The aim of the study was to investigate whether retinal neurovascular structural impairment in children and adolescents with type 1 diabetes mellitus (T1D) without clinical signs of diabetic retinopathy (DR) could be detected early via optical coherence tomography (OCT) and OCT angiography (OCTA).
In the current prospective, cross-sectional, observational clinical study children and adolescents with T1D without DR were evaluated between December 2018 and May 2019. Retinal neurovascular structures in the macular and optic disc regions were examined in detail and quantitatively assessed using OCT and OCTA. Data from subjects with T1D were compared with data from healthy controls. Whether retinal neurovascular structural changes were significantly associated with puberty stage, diabetes duration, and HbA1c level was also investigated.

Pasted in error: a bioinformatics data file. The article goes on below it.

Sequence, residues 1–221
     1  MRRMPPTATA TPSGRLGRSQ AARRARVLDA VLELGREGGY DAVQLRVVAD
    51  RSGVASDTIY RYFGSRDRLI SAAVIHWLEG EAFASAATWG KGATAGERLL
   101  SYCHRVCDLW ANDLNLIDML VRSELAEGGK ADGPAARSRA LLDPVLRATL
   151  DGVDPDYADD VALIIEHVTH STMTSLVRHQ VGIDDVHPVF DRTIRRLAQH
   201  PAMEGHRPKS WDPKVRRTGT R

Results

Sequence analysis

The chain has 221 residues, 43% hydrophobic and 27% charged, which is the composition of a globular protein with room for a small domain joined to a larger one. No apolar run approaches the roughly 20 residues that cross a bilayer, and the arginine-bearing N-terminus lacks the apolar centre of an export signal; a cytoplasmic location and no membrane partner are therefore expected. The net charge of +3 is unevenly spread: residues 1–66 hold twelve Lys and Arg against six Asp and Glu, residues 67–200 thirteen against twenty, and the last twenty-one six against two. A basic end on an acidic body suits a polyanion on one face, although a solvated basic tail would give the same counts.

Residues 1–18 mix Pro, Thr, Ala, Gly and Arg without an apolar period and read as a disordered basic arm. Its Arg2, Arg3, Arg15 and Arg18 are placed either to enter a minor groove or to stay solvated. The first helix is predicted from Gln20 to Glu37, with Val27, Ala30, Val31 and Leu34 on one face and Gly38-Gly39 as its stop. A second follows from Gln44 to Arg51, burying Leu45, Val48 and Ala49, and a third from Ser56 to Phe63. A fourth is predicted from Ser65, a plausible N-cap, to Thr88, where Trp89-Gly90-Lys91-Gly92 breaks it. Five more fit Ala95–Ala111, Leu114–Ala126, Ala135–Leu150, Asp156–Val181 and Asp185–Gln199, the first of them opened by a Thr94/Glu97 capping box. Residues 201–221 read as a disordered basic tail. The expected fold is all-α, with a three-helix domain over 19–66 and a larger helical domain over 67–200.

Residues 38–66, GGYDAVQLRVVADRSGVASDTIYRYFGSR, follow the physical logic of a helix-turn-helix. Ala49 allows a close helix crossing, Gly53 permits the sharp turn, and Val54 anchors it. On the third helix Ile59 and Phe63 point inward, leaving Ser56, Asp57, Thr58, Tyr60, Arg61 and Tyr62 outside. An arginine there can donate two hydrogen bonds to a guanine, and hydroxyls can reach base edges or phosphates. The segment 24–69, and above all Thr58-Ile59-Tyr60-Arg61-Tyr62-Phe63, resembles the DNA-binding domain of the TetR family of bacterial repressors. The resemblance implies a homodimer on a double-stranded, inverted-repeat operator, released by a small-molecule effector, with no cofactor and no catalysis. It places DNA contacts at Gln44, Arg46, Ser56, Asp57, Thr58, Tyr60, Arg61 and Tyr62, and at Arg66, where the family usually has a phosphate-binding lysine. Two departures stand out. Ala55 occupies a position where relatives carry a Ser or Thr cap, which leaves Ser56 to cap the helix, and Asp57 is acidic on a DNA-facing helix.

The T1D group included 110 eyes and the control group included 84 eyes. In the T1D group the mean inside disc vessel density (VD) was significantly lower than that of the control group (p < 0.001), as was the mean superior temporal disc VD (p < 0.043). Puberty stage was significantly associated with retinal thickness, parafoveal superficial capillary plexus VD, and peripapillary retinal nerve fiber layer thickness (p < 0.05). Diabetes duration and HbA1c level was significantly correlated with retinal layer thickness, foveal avascular zone diameter, and superficial and deep capillary plexus VDs.
In children and adolescents with T1D without clinical signs of DR, the VD of the disc region is affected earlier than the macular region. In these patients, early neurovascular impairment can be detected non-invasively via OCT and OCTA.